A great sale is no deal if you end up throwing away half of what you bought. If you find yourself routinely throwing out produce, bread and meat, then you are buying too much. Plus, not all items last forever, even if they’re unopened, as Rocha learned the hard way when she bought a quantity of olive oil on sale and it went bad before she opened it. “I learned early on that overbuying is expensive,” Rocha says. Cereal and crackers won’t last long in humid climates, and family tastes may change as well.

Use store loyalty programs

Shopper using a smartphone at a grocery store
Prostock-studio / Shutterstock.com

Many stores require you to have a loyalty card to take advantage of sale prices. The cards are free and usually issued on the spot. Some programs give you bonuses, like discounts on gas, for using your card. Many allow you to “clip” coupons online and store them on your card, giving you an automatic discount at checkout.

Shop at discount groceries

Aldi grocery store at night
Jacob Dewar / Shutterstock.com

ALDI and Save-A-Lot are expanding to more cities, and those no-frills stores can provide some good deals on staples, including produce. And some of their store-brand products also are quite good. “You can’t make the argument that the quality is lower because it’s at a discount store,” Nelson says. (Read our post on How to shop and save at ALDI to find out more.)

Try alternatives to your usual store

Brenda Rocha – Blossom / Shutterstock.com

Most people have access to at least two grocery stores, as well as Walmart, Target and perhaps a discount grocery. Visit other stores from time to time to see if they offer your favorite items at a price worth making an occasional special trip. Nelson’s brand of coffee, for example, is $6 at her supermarket and $4 at Walmart, so she drops by Walmart occasionally to stock up.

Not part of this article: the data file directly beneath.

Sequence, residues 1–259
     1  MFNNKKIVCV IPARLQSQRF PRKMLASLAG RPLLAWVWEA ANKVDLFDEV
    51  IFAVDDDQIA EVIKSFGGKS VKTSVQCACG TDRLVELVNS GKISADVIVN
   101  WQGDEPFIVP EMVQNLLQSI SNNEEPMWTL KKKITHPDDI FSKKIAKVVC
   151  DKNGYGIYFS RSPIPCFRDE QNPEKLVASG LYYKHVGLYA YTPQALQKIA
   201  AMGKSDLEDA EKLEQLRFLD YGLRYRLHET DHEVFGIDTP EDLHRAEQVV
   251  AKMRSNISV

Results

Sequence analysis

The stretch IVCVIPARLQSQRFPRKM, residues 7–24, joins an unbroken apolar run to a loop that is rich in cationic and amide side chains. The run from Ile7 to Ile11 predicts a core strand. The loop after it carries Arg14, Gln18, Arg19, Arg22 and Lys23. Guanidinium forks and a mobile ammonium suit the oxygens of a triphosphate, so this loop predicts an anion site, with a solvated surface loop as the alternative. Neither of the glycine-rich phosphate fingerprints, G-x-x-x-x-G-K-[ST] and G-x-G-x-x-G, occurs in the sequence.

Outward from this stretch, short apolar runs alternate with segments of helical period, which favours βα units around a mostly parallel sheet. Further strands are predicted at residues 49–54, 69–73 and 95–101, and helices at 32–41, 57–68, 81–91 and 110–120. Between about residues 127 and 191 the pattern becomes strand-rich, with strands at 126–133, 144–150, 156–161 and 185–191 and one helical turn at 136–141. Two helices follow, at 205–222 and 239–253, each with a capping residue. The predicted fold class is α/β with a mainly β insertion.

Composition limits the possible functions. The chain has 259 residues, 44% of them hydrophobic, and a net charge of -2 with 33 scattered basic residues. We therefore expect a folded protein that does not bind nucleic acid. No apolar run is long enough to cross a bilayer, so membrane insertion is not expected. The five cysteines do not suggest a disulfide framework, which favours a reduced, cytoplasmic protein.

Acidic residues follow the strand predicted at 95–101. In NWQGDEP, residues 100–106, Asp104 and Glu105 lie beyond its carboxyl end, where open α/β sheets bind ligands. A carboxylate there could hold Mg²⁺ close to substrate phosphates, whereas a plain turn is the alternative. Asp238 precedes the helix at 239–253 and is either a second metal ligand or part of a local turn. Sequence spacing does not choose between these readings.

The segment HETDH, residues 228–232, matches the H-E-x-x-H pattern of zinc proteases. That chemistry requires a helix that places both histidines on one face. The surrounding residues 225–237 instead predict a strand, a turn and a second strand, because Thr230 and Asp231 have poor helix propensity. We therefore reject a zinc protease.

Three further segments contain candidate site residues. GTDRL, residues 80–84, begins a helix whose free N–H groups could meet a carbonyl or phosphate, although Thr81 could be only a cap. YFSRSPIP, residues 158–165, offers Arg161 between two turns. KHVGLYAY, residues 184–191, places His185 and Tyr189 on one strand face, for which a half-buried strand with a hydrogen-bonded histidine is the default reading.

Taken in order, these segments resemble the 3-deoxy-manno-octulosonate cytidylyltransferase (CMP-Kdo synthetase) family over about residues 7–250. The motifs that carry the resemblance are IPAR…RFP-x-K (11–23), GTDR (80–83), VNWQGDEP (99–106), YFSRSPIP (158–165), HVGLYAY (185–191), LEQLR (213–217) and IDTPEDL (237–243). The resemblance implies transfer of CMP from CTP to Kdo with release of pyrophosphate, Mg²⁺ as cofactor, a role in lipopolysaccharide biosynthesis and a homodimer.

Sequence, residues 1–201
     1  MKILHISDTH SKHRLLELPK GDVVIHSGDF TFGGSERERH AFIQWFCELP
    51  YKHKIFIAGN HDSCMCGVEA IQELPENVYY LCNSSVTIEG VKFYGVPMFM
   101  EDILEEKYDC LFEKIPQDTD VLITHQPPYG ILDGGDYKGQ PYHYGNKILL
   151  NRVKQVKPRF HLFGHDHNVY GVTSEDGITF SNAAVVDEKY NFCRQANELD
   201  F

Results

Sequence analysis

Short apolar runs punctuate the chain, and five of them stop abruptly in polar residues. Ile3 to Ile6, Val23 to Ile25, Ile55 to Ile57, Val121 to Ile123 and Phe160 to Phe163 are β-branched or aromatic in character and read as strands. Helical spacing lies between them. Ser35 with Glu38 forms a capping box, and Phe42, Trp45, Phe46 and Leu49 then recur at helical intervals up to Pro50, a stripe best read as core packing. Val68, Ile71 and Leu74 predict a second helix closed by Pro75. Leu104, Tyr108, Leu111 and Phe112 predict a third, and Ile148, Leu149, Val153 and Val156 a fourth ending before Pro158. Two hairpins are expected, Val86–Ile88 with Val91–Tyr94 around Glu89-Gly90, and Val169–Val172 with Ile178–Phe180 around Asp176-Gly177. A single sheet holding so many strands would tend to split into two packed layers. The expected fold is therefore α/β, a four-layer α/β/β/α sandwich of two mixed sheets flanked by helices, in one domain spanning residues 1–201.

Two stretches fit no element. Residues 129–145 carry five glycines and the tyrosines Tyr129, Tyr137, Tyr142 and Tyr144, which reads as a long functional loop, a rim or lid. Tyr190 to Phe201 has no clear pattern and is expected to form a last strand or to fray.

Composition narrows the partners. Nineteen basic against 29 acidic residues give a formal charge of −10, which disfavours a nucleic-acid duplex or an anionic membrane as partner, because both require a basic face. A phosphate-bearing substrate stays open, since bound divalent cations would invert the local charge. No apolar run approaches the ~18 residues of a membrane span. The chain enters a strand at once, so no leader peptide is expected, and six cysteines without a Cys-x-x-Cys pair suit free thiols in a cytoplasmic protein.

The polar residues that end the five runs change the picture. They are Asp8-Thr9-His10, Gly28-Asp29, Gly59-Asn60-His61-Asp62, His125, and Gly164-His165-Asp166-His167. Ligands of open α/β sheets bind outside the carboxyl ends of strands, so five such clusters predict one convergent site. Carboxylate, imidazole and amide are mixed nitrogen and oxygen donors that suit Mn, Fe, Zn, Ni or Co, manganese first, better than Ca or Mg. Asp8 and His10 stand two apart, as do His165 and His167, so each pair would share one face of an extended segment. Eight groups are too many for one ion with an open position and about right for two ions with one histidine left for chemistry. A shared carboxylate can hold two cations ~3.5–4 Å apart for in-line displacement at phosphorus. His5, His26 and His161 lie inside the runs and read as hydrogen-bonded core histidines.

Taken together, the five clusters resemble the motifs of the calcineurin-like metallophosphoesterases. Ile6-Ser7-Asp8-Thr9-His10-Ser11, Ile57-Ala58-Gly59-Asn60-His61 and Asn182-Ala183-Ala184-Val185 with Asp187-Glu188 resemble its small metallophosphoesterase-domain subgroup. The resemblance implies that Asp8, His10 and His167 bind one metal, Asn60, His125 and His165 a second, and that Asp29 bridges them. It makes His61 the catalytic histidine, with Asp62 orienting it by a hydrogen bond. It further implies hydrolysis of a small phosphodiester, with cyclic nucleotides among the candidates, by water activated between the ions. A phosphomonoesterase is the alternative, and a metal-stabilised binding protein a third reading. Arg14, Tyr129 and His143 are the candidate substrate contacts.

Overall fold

Learn the sale cycles of your favorite products

Woman shopping for fish
Monkey Business Images / Shutterstock.com

If you live in an area with multiple supermarkets, the same products will go on sale, but not at the same time. If you missed the half-price Cheerios at Kroger last week, you may find them at Safeway this week. If your family eats a lot of yogurt, pay attention to how often your favorite brand goes on sale at the best price and stock up then. Calculate the price per unit of larger containers versus individual containers — you can easily create individual portions at home using your own food containers.

Ask about markdowns

Grocery store workers
Minerva Studio / Shutterstock.com

Talk to your store’s department managers in meat, dairy, seafood and baked goods to find out if there is a time of day that unsold products are marked down.

Find the store clearance rack

reduced price grocery items
Matylda Laurence / Shutterstock.com

Discontinued products are often sold for half-price or less in sale bins. And you can use coupons to save even more on these items.

Buy store brands

Sheila Fitzgerald / Shutterstock.com

Store brands of canned vegetables, cat food, paper products and many other items often are the same products sold under brand names. It’s unlikely that you’ll notice any difference in taste in one brand of beans over another.